Full review at EFC.

Foreign Correspondent

* * * (out of four)
Seen 14 July 2013 in the Harvard Film Archive (The Complete Alfred Hitchcock, 35mm)

"I don't want correspondence, I want news!" bellows an editor toward the start of Foreign Correspondent, and to a certain extent, the movie takes that to heart. It's not necessarily well-thought-out or prettily told, but it is exciting and full of action, and as up-to-date as a fictional movie made while history is happening can be.

The reporter dispatched from New York to London as a result of that outburst in 1940 is Johnny Jones (Joel McCrea), a crime reporter of the wisecracking and muckraking variety. He's pointed in the direction of Dutch diplomat Van Meer (Albert Bassermann) and Peace Party leader Stephen Fisher (Herbert Marshall), although he must admit to finding Fisher's daughter Carol (Laraine Day) more interesting than the attempt to prevent war in Europe. But when Van Meer is assassinated while attending a summit right before Johnny's eyes and something seems out of place as they chase down the killers, he knows he's got a story, at the very least.

Foreign Correspondent doesn't quite hit the ground running - Johnny's attempts to get into Carol's good graces have a bit of the feeling of stall tactics while director Alfred Hitchcock and four credited writers (along with another dozen feverishly working to update the script to match the news coming out of Europe) lay out the situation and some of the players, getting the audience familiar enough to have a personal stake in what's going on. Large chunks of the actual plot are actually sort of nonsensical - I'm not sure what good a secret treaty is if only two people know its contents, for instance. The romance between Johnny and Carol is maybe an even bigger mess, even if it does give the movie one of its best exchanges.

Full review at EFC.

The Ring (1927)

* * ¾ (out of four)
Seen 14 July 2013 in the Harvard Film Archive (The Complete Alfred Hitchcock, 35mm)

Before Alfred Hitchcock was a world-renowned auteur, he was just a guy who made movies, cranking them out relatively quickly for studios that demanded new product at a fairly regular clip. Sometimes that pressure to produce leads to surprising gems, and sometimes it gets you The Ring, an adequate silent drama that works well enough to not be an embarrassment eighty-five years later.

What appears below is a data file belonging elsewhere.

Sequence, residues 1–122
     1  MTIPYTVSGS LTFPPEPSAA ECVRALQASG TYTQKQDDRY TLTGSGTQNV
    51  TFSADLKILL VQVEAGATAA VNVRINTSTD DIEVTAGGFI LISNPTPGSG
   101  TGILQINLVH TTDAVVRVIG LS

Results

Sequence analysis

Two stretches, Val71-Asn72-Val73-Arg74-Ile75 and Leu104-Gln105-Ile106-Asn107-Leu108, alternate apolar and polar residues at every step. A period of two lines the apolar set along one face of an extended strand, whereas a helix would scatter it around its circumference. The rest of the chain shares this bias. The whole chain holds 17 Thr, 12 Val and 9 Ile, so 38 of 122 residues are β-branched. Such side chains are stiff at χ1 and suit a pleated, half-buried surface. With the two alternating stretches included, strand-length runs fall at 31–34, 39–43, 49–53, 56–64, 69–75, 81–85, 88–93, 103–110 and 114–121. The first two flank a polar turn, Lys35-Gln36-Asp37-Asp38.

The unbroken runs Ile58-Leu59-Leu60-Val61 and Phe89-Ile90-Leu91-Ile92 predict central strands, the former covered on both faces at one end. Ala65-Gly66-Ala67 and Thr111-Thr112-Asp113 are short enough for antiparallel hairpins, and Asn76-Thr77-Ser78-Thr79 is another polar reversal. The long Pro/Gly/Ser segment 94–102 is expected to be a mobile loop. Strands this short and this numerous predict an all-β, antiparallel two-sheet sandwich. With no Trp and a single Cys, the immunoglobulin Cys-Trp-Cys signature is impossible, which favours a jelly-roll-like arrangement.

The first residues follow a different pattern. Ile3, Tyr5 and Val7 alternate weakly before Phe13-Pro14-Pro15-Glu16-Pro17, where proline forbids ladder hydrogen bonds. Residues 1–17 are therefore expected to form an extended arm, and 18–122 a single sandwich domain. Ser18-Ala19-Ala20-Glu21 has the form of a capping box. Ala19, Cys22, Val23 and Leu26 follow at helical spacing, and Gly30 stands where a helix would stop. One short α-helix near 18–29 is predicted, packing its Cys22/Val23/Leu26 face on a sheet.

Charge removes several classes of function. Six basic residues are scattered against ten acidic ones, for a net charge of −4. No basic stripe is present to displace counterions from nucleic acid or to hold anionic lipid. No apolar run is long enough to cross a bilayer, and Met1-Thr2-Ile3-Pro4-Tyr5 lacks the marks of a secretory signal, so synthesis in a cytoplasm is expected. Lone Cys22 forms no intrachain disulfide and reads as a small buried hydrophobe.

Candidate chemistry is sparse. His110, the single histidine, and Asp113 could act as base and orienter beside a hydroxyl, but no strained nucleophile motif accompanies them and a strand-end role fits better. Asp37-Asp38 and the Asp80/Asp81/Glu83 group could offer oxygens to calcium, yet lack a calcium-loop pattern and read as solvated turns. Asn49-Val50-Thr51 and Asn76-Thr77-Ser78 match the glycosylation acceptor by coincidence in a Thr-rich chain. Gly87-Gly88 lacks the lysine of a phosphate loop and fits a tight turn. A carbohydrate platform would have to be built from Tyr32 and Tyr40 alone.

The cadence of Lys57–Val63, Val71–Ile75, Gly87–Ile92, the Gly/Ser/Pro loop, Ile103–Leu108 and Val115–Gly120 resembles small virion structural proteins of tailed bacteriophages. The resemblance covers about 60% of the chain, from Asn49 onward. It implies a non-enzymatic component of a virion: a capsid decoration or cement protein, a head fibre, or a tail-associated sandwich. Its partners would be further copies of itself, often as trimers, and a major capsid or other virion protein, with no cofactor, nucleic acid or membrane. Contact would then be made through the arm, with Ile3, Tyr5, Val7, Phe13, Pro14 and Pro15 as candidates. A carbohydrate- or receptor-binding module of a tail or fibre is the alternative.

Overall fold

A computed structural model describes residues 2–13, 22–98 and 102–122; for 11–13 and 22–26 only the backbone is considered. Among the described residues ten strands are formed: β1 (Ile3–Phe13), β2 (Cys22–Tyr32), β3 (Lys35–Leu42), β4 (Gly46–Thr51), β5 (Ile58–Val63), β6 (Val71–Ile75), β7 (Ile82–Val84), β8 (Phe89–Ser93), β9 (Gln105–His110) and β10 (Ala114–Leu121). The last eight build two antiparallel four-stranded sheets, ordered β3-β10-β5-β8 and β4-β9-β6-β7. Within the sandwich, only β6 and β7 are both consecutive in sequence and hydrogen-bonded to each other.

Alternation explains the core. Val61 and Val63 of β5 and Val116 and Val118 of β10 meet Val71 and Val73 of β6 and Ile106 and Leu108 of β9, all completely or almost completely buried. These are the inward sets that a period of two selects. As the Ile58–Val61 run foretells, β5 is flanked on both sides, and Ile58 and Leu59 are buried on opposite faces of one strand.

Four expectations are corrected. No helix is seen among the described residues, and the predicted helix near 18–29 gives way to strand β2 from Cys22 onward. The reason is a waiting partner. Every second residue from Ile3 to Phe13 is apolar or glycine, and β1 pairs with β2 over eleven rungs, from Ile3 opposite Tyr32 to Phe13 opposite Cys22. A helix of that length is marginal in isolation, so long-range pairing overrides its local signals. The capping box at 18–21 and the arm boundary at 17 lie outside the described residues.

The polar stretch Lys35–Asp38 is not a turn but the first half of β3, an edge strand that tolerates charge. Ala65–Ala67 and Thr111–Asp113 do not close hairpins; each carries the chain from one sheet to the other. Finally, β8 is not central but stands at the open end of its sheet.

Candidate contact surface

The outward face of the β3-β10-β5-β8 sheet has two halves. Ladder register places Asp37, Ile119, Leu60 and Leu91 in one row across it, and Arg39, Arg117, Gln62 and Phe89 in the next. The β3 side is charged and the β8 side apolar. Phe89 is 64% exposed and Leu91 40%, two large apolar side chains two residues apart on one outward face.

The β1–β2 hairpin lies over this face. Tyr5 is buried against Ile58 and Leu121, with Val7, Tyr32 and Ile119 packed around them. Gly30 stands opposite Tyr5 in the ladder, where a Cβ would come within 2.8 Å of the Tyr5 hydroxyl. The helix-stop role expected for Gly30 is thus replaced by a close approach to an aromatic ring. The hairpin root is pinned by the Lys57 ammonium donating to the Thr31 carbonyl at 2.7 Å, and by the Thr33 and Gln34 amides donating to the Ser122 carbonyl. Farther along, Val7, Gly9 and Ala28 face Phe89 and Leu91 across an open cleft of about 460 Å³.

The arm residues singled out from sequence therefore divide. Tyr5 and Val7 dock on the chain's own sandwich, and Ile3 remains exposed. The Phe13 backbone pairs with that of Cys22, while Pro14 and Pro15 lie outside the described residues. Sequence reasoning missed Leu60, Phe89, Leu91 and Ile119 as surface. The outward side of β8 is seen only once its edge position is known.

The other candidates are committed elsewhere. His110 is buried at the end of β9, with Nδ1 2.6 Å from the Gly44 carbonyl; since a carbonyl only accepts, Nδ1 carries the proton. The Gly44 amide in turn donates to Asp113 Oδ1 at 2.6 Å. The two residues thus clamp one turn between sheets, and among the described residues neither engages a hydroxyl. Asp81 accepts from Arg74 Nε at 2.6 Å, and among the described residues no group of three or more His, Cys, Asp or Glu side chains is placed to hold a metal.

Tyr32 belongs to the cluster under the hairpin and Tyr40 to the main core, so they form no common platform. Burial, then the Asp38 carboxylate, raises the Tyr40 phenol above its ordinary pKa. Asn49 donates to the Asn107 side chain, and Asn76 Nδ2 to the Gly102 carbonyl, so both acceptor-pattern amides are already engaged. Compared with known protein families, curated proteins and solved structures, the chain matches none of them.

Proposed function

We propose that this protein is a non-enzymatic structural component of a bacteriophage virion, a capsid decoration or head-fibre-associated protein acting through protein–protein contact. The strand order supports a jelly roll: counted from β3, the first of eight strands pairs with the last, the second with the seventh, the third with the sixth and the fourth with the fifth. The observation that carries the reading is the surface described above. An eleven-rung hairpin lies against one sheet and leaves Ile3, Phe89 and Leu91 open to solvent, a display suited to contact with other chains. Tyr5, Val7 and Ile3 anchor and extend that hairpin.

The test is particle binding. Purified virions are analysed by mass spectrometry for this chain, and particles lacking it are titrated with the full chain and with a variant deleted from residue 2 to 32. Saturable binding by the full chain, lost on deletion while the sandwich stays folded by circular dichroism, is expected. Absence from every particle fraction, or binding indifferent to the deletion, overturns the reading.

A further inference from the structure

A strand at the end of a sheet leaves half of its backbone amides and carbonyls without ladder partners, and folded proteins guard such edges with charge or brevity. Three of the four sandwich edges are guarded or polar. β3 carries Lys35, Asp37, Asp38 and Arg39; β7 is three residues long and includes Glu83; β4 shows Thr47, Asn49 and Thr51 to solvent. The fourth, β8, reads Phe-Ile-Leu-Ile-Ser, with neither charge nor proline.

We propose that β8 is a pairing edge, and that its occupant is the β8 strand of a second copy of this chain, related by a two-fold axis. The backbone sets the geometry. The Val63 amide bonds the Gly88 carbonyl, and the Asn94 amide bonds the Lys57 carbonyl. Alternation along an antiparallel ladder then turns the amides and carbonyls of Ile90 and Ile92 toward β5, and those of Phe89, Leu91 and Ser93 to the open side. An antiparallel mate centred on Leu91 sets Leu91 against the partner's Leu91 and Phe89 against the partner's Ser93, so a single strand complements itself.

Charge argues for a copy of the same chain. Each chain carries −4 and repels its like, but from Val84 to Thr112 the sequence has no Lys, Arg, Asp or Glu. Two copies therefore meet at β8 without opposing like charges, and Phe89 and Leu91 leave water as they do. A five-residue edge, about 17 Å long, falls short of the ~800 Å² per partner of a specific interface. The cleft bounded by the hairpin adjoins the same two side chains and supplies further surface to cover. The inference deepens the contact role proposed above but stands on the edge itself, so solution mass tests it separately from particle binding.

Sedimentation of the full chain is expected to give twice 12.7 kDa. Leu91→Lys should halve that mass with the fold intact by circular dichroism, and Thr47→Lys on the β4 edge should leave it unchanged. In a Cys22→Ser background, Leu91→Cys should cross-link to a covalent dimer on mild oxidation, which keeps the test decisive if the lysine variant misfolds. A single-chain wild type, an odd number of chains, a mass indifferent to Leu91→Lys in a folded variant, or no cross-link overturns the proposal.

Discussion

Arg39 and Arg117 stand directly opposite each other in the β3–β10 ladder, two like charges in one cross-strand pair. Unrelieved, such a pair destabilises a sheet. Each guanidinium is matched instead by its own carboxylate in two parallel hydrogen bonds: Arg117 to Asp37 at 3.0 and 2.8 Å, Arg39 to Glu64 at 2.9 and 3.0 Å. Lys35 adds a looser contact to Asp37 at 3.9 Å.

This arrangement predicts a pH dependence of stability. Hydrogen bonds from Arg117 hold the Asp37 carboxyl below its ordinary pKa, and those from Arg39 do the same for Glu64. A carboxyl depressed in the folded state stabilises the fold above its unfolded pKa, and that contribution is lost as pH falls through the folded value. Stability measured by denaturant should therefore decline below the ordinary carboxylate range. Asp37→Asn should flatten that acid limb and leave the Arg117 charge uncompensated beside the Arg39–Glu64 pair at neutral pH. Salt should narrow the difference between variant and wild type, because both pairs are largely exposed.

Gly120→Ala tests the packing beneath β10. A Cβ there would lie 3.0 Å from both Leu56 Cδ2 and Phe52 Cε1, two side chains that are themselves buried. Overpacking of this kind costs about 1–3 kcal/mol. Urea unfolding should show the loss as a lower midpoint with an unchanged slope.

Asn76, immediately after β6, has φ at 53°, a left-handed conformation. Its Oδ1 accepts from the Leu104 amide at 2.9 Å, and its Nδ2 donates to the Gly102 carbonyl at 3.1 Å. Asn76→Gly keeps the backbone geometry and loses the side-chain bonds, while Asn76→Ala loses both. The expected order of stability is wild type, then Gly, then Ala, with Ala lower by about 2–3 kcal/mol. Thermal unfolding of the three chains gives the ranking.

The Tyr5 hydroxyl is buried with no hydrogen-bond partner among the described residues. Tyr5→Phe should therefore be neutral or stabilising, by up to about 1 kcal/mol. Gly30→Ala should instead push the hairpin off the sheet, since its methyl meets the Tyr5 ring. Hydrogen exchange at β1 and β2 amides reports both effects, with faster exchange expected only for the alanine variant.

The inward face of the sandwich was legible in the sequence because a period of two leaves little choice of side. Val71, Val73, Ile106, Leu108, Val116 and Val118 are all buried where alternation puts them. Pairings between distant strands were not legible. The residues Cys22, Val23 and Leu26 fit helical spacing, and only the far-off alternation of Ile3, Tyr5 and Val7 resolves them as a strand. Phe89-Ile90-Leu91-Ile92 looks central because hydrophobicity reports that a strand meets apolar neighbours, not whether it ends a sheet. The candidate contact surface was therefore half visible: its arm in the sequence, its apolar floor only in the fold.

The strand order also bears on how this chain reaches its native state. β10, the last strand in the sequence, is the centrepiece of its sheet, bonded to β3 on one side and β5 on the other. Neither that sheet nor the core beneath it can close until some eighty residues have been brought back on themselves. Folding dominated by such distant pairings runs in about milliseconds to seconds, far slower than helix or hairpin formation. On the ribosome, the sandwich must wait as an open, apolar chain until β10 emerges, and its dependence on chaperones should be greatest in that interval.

"One-Round" Jack Sander (Carl Brisson) is a boxer at an English carnival - anybody who buys a ticket an try and last a round with him to win a pound for their sixpence. One day he meets his match, only to find out that the person who beat him is Bob Corby (Ian Hunter), the Australian champion. Bob and his agent are actually looking for a sparring partner, although Bob also has his eye on the pretty ticket taker (Lillian Hall Davis). Well, she's Jack's girl, but will that last with the new guy in the picture - even if this new job means she and Jack can finally get married?

Love triangles are a tricky thing to pull off, especially when they feature an existing relationship and an interloper as The Ring does. In fact, I almost think Hitchcock does it a little too well: The audience isn't told that Mabel (as a letter written to her reads; she is just "the Girl" in the credits) and Jack are together until after we've seen her and Bob flirting, so it's not necessarily a given that they'll root for things to work out there. And yet, as the film shifts more toward Jack's point of view, that's the route it takes, that the existing relationship should take precedence even though Mabel & Bob seem well-suited and it's never really clear just what she is to Jack.

Full review at EFC.